A few months ago my cousin said he wanted to have a Smith family reunion at one of the family’s former plantations, Vesuvius in Iron Station over in Lincoln County. It was just about 5,000 acres and one of the first iron foundries in North Carolina. Other than growing wheat and cotton on a large scale, they produced enough vegetables, fruit, chickens and beef to feed more than 60 people who lived on and operated the plantation. There was also a water-powered grist mill, a tannery and a sawmill. They made their own furniture and shoes. My great-great-grandfather, James Madison Smith, owned the plantation from the mid-1800s. My great-grandfather, James Franklin Smith, sold it in 1904 and moved to Denver, NC, when the iron ore was nearly mined out.
When I was a child, my grandfather George Franklin Smith would often take me to Vesuvius. We would walk around the house and where the old furnace was and he would tell me about living there as a child and for several years after he married my grandmother, Nettie Howard King.
During the Civil War, when the Union soldiers came to Vesuvius, also known as the Furnace, they ransacked the place. Madison Smith’s life had been threatened because he was furnishing supplies and cannonballs to the Confederate army. When he heard that the soldiers were coming he hid in a shuck pen not very far from the plantation. Hettie, his wife, carried food to him as often as she could get away from the soldiers. They took over the whole plantation and stayed for a week. The officers stayed in the house. The soldiers took canned food. When they left they took a wagon of preserved meats, along with lots of other food. My great-grandfather, Frank Smith, 9 at the time, was crying when the soldiers arrived. When they asked him why, he told them that he was afraid they were going to take his horse that he had hidden up in the swamp. Of course, they took his horse and another 16 mules.
My grandmother was born on the second-largest plantation in the county. The community now known as Denver was called Dry Pond until 1873. Her father, James Allen King, whom I was named for, was born in 1863 and lived until 1952. Though I was young, I remember him well. It is strange to me to think that I knew a relative who was born during the Civil War. His father left for the war before he was born and died of typhoid a few months after, never seeing his only son.
I have had a tin box with old family papers for more than 20 years and had never looked at them until a few of weeks ago. Most were land transfers. The oldest one that I found was from 1787 and the transfer amounts were in pounds and shillings. There was my great-great-great-grandfather’s will, but the most intriguing were a number of letters from my great-grandmother’s brother William Howard from the battlefields throughout the South.
The letters were written in 1864-65. One side of the letter would be from my great-great-grandmother’s father, William Howard, and the other side was a returned letter from her brother. His unit was called the Dry Pond Dixies, credited with going the farthest to the front at Gettysburg. They suffered great casualties: 77 killed, 114 wounded and 206 captured. The letters back and forth told of the tough times and of the battles.
Aug. 8, 1864, Camp Near Maekfan Bluff Md.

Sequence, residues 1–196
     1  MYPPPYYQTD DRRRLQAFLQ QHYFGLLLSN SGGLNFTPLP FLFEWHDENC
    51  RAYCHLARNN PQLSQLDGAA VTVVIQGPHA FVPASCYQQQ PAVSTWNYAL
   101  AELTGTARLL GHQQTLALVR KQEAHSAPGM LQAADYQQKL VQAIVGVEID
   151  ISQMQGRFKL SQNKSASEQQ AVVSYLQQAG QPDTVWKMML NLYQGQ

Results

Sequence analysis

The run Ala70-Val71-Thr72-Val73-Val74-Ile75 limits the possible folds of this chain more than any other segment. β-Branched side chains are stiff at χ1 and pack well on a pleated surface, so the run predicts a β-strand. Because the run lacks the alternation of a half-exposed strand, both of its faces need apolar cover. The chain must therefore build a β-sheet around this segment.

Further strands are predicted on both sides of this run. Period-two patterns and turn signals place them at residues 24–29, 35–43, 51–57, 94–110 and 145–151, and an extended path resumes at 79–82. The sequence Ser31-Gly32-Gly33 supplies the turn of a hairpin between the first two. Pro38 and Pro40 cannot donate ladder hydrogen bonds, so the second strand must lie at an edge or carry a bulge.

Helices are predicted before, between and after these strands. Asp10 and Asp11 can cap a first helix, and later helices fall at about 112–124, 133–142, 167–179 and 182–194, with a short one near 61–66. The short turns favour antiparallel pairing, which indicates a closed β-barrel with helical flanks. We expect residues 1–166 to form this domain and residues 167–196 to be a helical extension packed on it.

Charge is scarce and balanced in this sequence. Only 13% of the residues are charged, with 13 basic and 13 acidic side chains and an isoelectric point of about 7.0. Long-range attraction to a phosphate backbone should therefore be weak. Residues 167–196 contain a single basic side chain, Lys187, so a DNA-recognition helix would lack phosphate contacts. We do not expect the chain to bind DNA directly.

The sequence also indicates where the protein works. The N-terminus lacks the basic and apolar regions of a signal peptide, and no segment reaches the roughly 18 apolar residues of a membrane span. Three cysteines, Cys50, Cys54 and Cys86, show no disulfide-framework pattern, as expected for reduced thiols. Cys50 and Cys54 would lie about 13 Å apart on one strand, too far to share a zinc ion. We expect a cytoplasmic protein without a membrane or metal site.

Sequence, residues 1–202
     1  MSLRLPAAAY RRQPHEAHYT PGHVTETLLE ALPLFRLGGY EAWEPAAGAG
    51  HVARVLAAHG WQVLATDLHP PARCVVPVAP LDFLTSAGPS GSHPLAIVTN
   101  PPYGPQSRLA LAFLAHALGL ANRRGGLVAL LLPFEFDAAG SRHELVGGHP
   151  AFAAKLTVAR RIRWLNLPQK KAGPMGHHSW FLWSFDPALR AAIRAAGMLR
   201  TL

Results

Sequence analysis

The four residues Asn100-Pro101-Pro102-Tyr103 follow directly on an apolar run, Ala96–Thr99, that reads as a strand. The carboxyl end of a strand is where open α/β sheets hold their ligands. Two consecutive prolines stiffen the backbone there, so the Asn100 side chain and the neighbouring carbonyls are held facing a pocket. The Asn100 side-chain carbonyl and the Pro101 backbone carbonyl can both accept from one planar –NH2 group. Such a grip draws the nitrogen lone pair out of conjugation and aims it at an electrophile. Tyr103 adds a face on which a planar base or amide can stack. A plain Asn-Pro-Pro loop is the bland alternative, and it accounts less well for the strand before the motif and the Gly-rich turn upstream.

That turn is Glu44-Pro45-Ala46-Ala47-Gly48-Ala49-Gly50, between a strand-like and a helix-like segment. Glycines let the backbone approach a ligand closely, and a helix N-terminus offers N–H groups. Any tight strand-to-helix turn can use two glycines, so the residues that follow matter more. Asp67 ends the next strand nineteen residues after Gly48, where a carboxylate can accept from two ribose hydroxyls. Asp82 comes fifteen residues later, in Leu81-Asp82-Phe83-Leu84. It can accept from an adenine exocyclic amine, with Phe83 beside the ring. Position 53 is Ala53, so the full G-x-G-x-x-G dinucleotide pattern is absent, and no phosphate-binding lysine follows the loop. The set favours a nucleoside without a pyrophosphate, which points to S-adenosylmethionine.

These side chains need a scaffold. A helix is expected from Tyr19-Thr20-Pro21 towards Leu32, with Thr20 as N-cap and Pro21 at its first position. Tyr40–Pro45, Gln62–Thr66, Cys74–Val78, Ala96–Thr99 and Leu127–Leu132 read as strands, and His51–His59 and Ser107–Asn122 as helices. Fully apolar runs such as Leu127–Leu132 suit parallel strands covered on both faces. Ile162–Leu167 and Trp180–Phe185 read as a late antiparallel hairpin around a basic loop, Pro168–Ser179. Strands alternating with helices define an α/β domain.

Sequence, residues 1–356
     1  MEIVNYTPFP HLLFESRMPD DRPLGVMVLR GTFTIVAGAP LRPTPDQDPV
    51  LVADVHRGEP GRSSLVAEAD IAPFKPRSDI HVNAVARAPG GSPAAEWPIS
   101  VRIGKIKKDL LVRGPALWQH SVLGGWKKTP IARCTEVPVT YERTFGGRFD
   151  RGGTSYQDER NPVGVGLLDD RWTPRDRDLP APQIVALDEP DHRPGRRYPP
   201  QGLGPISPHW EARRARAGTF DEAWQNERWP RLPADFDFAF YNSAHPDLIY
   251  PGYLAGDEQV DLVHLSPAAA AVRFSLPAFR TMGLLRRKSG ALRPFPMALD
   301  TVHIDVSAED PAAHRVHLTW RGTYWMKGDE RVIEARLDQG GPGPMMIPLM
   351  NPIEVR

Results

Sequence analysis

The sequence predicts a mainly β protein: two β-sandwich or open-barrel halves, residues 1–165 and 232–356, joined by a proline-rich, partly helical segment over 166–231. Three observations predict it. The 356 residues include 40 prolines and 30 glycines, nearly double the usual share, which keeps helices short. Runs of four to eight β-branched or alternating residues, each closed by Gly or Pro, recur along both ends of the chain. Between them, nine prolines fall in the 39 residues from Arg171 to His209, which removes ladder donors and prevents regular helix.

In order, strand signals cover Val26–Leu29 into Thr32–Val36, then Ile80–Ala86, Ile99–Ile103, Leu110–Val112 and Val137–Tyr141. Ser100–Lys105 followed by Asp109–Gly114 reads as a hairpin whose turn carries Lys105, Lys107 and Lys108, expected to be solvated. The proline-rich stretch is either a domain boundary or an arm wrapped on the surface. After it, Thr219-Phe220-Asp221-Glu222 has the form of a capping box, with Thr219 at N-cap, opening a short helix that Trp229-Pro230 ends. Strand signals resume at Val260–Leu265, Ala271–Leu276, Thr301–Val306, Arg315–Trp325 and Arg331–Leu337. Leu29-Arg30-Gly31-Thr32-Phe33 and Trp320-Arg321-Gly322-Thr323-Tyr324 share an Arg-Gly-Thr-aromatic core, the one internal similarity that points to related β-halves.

Dear Father, I seat my self this morning to drop you a line. I am glad to her that you was all well. There was fighting at Petersburg on Saturday the 30th of July the Yankees turned under the ground and blode up A portion of hour breastworks. That was a ugly time. Father, you said something A Bout joining the cavalry Father I think it might be well if you are at home you no better than I do you must do for my family as you would for yourself.
Dear Mother, I feel to thank the lord that I am still in the land of the living. I am trying to live so as to get to heaven. Pray for me I do prey for my dear parents that when we all leave this world we ma meete in heaven.
My dear sister Milly, the lord is her for I no when I prey the lord hers mi preys and I feel Blest prey for me cis [kiss] Allen for me the lord bles and save him from sin.
I am in the hospittel for the hospittelis as good as the lines her father ther is sheling and scrumishing all the time her day and night.
Aug. 28 1864 Camp Near Petersburg, Md.
I seat mi self to drop you a few lines to let you no that I am well this morning. The times is stiring her now we have made new breastworks A Round Petersburg father out from the sitty and putting up forts. We had A fight the 25 on the rail rode towards Weldon some 12 or 15 miles from Petersburg on the rail rode they had good works we had them to charge. We drove them from their works we had too kild in our co and 4 wonded. Father I was shuet on the left sholder but did not hurt me much it was a hand to hand fite. Some says as hard as has bin during the war. The yankeys trid to retake the works but could not. Father I have bin in 3 fight one the 28 of July then 24 and 25 of Augst. The lord has a hand on me so far we have bin living in line of Battle for 20 days.
WG Howard lived to return to Denver.
I have tracked the family back through Google to the real ancestors — all the way back to 1524 in England. My family history goes almost as far back as it gets in the US; The first Broach came to America in 1746. Both families have fought in every war since the American Revolution until Desert Storm. We have served this country proudly.
And in these ancient letters, my family found another piece of our shared history.